“Oh dear,” Mrs. Oliphant repeated, as the officer escorted a man to the front of the apartment. “Medhat, where did you come from?” Mrs. Oliphant asked. He was drying his hands with a blood-stained towel. Twice stunned, Mrs. Oliphant tilted her head like a puzzled puppy.
“This dude’s dead,” the black officer announced, after finishing his analysis of the body. On bended knee, he looked up to Medhat and asked, “Who are you?”
* * *
“What do you think, Smith?”
Truth of the matter was I didn’t want Detective Washington to know what I was thinking. Medhat was looking more like a serial killer, but I knew better. He had a lot of bad qualities, but homicidal he was not. My friend was a lover, not a killer; nevertheless, I had the feeling he was dragging me down a road I didn’t care to venture on. I closed the police data file and shoved it back across the desktop.
“I’m not sure what to think, Detective.”
Unit Commander of the Metropolitan Police Homicide Division, Detective Lieutenant Richard Washington, waited patiently while I digested the contents. By granting me access to privileged information he was expecting a trade-off. We were bargaining hungry for the other’s perspective and inside information. Hence my unfettered access to what would ordinarily be classified information requiring, at minimum, a FOIA request for sensitive information related to an ongoing police investigation. I was a lead – a source, or informant – and as a friend of the court Detective Washington relied on my attorney status. He gave me some of what I wanted. Now I had to return the favor.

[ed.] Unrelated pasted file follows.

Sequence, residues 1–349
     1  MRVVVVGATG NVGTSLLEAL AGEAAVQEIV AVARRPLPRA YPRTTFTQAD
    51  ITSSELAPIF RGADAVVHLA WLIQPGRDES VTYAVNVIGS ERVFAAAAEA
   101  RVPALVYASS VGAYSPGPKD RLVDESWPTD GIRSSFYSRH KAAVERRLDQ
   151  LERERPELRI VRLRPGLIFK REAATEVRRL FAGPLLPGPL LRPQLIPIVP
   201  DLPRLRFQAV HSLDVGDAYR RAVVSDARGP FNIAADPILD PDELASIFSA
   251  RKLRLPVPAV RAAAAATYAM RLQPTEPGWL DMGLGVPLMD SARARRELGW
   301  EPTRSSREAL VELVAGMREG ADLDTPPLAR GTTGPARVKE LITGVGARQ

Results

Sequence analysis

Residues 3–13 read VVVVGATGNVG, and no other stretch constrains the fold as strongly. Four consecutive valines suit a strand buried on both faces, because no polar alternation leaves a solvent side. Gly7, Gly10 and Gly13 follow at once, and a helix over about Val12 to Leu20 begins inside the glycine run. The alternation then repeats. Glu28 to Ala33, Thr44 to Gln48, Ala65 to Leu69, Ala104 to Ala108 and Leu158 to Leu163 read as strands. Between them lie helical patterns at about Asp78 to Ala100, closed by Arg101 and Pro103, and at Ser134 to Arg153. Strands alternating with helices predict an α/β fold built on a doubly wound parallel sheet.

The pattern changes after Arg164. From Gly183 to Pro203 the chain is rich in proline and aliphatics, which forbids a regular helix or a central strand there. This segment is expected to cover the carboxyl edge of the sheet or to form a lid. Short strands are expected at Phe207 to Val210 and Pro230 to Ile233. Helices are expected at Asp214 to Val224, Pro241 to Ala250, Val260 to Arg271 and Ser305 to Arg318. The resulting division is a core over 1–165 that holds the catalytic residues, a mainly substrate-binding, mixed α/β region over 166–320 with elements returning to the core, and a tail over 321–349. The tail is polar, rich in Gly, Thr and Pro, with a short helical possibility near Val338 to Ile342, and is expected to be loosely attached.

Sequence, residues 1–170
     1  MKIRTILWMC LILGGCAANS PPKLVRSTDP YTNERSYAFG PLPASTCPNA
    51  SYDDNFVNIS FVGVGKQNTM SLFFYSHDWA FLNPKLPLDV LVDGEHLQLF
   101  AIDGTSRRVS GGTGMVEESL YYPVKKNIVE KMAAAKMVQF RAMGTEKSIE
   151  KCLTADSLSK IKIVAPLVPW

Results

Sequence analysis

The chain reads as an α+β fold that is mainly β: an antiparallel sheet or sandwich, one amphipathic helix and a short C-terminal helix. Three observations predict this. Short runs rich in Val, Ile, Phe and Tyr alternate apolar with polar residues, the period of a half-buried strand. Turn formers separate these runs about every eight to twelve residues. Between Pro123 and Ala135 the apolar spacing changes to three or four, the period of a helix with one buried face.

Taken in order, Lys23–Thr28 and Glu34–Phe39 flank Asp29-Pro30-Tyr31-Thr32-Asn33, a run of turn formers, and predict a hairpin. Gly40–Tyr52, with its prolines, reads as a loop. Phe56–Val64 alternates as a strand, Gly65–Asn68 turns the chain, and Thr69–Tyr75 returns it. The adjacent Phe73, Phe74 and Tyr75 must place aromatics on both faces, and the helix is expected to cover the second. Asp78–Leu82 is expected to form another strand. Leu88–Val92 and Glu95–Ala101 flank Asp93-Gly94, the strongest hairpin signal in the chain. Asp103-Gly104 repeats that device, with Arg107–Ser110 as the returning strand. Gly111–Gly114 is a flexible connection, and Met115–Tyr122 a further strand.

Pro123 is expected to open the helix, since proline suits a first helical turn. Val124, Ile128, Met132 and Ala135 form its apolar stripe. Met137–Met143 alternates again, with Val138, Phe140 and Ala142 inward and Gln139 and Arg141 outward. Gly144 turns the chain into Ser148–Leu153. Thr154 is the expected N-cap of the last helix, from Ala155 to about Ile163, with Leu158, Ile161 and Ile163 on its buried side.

This wasn’t the first homicide in which Medhat was a suspect. So how did I end up sitting in a police precinct reviewing a police crime scene report? It started with a phone call from Medhat in the middle of the night.
* * *
Awakened by the ringing phone, I waited for Medhat to answer it. I had just assumed that he was asleep on the pullout sofa in the living room. Since he had moved in, the phone was almost always for him. After five rings, I regrettably figured he wasn’t there, and the ringing was not going to stop.
“Drew, I need your help. I’m in jail. Come get me.” Medhat.
“In jail?” I sat up. “What happened?”
“They think I killed him, but I didn’t do it.” There was desperation in his voice. “Somebody set me up. I didn’t do it. I tell you I didn’t do it.
( Continued… )
© 2013 All rights reserved. Book excerpt reprinted by permission of the author, Norwood Holland. This excerpt is used for promotional purposes only. Do not reproduce, copy or use without the publisher’s written permission. Share a link to this page or the author’s website if you really like this promotional excerpt.
ABOUT THE AUTHOR
Norwood Holland is a freelance writer, lawyer, and author of the Drew Smith legal thriller series based on the capers of an urban trial attorney. He is a graduate of Howard University School of Law with a bachelor’s degree in English from Fisk University where he studied under the renowned Harlem Renaissance author Arna Bontemps. Holland favors D.C.’s local color in his fiction and currently writes the blog: www.editorialindependence.com devoted to promoting independent authors among other things.
He has served in several government agencies including the National Labor Relations Board and a number of Washington’s top national law firms. In the mid 90s Holland began freelancing for the local media. Recent credits include The Writer Magazine, the Examiner, and Black Literature Magazine.
Following up on the success of Sleepless Nights, the prequel to the Drew Smith Series, Minus One is his latest and Snakehead will issue in the Spring 2014.